Unite Press Release Update
London taxi drivers fed up with the government’s ‘race to the bottom’ in deregulating the trade, with an adverse impact on passenger safety protested in London yesterday (10/02/10)
More than 8,000 taxi drivers protested at what they consider as government bias against the black cab trade and the promotion of private hire firms by ‘light touch’ regulation at the expense of passenger safety.
Unite, the country’s largest union representing many of London’s 25,000 taxi drivers, said the issues facing taxi drivers in the capital were mirrored across the UK.
Unite called for standards for the black taxi and private hire sectors to be raised upwards and an end to ‘a race to the bottom’. It claims the recent private hire review in London was influenced by ‘threats’ from business secretary Sajid Javid. An opportunity to deal with many safety issues associated with the arrival of ‘app’ based private hire operations was missed, said the union.
The union said that in 2008 there were about 34,000 private hire drivers in London and this had now jumped to 96,500 and was increasing by at least 10,000 a year, which meant that the market was ‘flooded’. The rapid increase in the private hire sector has had an adverse impact on air quality and the environment in London,
Chair of the Unite London & Eastern taxi cab section, Jim Kelly said before the protest:
“It is clear that the government, London mayor Boris Johnson and the Tory candidate for mayor Zac Goldsmith have all seriously taken against the black taxi trade in London, a taxi trade which consistently comes out top in terms of value and service compared to other cities around the globe.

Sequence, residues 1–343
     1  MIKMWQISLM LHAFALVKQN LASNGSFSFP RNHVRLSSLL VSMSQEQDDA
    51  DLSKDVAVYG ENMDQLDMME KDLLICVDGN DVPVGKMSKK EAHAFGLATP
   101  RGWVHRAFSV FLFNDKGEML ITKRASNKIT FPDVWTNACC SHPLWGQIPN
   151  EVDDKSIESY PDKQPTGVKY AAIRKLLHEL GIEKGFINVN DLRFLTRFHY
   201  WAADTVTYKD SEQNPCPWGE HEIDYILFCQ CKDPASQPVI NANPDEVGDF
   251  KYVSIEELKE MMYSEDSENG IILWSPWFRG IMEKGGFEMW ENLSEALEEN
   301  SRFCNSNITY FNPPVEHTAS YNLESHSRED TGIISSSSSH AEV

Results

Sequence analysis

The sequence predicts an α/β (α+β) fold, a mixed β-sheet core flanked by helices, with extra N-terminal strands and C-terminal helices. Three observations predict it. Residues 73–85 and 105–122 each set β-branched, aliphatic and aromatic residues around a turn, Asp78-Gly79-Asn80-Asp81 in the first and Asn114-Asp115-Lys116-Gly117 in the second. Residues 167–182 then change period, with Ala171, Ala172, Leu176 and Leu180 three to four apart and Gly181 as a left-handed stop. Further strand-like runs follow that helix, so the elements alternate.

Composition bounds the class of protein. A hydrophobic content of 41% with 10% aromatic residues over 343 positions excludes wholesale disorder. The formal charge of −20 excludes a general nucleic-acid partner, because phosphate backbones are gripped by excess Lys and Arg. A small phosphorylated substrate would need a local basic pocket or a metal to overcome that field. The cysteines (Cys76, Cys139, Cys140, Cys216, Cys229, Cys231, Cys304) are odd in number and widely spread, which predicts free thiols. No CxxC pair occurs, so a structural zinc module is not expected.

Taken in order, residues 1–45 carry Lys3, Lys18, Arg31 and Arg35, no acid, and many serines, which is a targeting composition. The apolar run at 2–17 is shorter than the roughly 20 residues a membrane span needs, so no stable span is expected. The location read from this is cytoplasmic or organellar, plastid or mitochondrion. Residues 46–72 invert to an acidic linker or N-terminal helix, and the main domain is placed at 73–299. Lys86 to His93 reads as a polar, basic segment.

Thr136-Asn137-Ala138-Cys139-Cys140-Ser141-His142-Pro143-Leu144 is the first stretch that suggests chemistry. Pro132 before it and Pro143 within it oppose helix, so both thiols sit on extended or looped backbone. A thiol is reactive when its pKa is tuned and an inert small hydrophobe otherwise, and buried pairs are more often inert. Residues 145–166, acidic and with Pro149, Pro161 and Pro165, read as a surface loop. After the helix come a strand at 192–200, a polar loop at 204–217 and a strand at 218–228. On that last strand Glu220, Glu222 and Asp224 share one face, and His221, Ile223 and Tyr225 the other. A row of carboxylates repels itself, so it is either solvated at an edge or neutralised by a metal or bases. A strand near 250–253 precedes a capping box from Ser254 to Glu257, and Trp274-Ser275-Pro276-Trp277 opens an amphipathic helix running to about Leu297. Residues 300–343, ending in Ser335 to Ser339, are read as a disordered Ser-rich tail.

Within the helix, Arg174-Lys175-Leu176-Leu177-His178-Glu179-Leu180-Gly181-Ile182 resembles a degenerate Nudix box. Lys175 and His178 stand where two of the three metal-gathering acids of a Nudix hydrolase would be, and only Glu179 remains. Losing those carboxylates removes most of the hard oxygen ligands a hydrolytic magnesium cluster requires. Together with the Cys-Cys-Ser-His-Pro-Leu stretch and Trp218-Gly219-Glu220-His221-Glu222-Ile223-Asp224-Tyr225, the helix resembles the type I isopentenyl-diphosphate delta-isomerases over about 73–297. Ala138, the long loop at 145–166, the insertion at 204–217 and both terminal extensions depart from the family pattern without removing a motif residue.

“We feel that Uber exploits its drivers by using their self-employed status to extract maximum income from them which translates to those drivers working long hours.
“The reduction in safety for passengers because of the ‘light touch’ regime is to be deplored. It is a race-to-the bottom – when in 2016 we want the highest possible standards.
“The London taxi fleet is 100 per cent wheelchair accessible. There is no compulsion on private hire operators such as Uber to provide for these passengers.”
Unite, called on the government for a level playing field. Its demands included:
- that Uber, which operates self-employed private hire drivers and is based for UK tax purposes in Holland, pays the proper rate of corporation tax in the UK.
Notes to editors:
Featured image: Unite’s Jim Kelly (Left) with Labour MP David Lammy being interviewed for Unite TV.
For more information please contact Unite senior communications officer Shaun Noble in the Unite press office on 020 3371 2060 or 07768 693940.
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Unite is Britain and Ireland’s largest trade union with over 1.4 million members working across all sectors of the economy. The general secretary is Len McCluskey.
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